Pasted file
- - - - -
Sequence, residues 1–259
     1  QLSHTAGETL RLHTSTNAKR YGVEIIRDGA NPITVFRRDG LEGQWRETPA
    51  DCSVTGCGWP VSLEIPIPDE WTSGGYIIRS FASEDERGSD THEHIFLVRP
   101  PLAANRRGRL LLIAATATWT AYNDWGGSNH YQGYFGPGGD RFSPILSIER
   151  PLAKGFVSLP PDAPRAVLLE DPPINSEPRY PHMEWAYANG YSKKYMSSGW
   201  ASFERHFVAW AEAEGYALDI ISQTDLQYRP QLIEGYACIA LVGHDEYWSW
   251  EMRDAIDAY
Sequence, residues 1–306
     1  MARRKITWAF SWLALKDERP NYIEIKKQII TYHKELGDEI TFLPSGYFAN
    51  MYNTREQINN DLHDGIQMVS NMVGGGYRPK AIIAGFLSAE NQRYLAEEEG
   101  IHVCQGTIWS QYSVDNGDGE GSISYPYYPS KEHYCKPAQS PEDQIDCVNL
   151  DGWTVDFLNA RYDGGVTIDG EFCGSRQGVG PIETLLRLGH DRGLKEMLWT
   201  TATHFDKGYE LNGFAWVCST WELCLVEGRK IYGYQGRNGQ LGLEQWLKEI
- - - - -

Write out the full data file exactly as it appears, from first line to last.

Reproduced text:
Sequence, residues 1–259
     1  QLSHTAGETL RLHTSTNAKR YGVEIIRDGA NPITVFRRDG LEGQWRETPA
    51  DCSVTGCGWP VSLEIPIPDE WTSGGYIIRS FASEDERGSD THEHIFLVRP
   101  PLAANRRGRL LLIAATATWT AYNDWGGSNH YQGYFGPGGD RFSPILSIER
   151  PLAKGFVSLP PDAPRAVLLE DPPINSEPRY PHMEWAYANG YSKKYMSSGW
   201  ASFERHFVAW AEAEGYALDI ISQTDLQYRP QLIEGYACIA LVGHDEYWSW
   251  EMRDAIDAY
Sequence, residues 1–306
     1  MARRKITWAF SWLALKDERP NYIEIKKQII TYHKELGDEI TFLPSGYFAN
    51  MYNTREQINN DLHDGIQMVS NMVGGGYRPK AIIAGFLSAE NQRYLAEEEG
   101  IHVCQGTIWS QYSVDNGDGE GSISYPYYPS KEHYCKPAQS PEDQIDCVNL
   151  DGWTVDFLNA RYDGGVTIDG EFCGSRQGVG PIETLLRLGH DRGLKEMLWT
   201  TATHFDKGYE LNGFAWVCST WELCLVEGRK IYGYQGRNGQ LGLEQWLKEI